Somalia: Families pay heavy price to free somali migrants

Published: May 29, 2014


Thousands of young people every year leave Somalia and migrate seeking jobs and a better life elsewhere. Many of them never come back to Somalia – and many don’t even make it to their desired destination, often leaving their parents to pay a heavy price. Muhubo Ahmed Shire’s eldest son had searched for a job for many months after graduating from a University in Bossaso.

He was deeply disappointed at his failure and one day sneaked away from home, planning to travel to Europe via Libya. “I looked for him everywhere, but he later called me from Addis Abba,” said his widowed mother Shire, who brought him up alone. “I worked hard to make him finish up to university education, hoping he would get a job and let me rest,” she added.

When Shire’s son reached Libya, he was kidnapped by a local gang demanding a ransom and he called his mother to secure his release.“They demanded about $5,000 saying otherwise they would kill my son,” Shire told Radio Ergo’s local reporter.

She had to sell her three-room house and borrow more money from relatives and friends to try to get her son released. “I sent about $5,000, but he was kidnapped again. So far I have paid about $7,000 and he’s still being held in the Sahara as a hostage,” she said.

Awil Abdi, another stricken parent, said his son was studying at a university in Dirirdhabe, Ethiopia. He dropped out of school and travelled to Libya without informing his family. He is now being held in Libya for the fourth time by local militias, asking for ransom money.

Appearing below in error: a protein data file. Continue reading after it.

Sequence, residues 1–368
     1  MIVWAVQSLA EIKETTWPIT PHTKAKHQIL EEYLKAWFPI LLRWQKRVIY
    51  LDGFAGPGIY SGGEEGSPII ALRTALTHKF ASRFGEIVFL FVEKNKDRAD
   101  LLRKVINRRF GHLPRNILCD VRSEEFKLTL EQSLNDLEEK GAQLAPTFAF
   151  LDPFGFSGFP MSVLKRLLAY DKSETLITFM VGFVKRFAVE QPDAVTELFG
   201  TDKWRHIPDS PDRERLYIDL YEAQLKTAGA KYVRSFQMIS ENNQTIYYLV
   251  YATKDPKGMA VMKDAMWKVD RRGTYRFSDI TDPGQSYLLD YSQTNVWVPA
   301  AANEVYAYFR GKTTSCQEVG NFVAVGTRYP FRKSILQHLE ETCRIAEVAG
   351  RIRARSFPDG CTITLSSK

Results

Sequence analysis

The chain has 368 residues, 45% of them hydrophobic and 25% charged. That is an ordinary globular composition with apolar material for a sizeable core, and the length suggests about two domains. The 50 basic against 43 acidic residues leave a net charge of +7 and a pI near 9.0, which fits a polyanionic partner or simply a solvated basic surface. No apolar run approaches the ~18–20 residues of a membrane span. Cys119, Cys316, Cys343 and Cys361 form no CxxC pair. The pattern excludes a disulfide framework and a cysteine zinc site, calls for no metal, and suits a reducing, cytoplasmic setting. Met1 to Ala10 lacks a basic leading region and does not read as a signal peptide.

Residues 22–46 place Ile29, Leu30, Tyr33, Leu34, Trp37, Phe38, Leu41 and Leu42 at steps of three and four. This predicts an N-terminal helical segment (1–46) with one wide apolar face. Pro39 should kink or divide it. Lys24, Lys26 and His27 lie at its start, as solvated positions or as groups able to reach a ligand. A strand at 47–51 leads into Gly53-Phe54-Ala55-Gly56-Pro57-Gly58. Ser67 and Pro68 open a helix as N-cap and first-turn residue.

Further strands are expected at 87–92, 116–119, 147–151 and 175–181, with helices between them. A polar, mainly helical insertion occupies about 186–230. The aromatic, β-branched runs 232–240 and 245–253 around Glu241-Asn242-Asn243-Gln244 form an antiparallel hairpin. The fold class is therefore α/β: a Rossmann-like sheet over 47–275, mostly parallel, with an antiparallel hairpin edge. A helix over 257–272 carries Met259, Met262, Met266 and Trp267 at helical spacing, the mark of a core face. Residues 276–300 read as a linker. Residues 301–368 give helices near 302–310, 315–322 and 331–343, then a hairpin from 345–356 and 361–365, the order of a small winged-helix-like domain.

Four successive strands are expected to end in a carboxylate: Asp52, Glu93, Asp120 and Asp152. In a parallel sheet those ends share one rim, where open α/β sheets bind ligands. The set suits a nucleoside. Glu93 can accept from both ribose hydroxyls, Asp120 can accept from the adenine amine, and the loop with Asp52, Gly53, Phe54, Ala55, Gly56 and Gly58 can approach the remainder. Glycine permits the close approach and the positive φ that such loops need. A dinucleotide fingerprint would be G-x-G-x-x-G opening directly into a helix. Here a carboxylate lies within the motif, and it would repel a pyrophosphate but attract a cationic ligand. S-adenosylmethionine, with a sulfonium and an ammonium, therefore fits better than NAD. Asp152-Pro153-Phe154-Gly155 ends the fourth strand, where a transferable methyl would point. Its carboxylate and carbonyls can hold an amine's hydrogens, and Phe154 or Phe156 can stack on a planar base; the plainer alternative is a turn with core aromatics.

“They called us and told us they would take his kidneys out and sell them if we didn’t pay them. I begged people and have collected some money to give the kidnappers,” Abdi told Radio Ergo. So far he has paid about $8,000 to the militia. His son, who has sustained injuries, is still being held hostage.

Maryam Mohamed Nur’s son was in a similar plight but she could get no penny to secure the release of her son who is also being held in Libya. “I can get no money to pay these militias,” she told Radio Ergo’s local reporter in Galkayo.

Many of Somalia’s young would-be migrants are school-leavers and even university graduates. Some risk their lives trying to reach Saudi Arabia via a dangerous sea trip to Yemen, while others head to Europe across the Mediterranean Sea. Others migrate to South Africa in a land journey in which they illegally transit several African countries.

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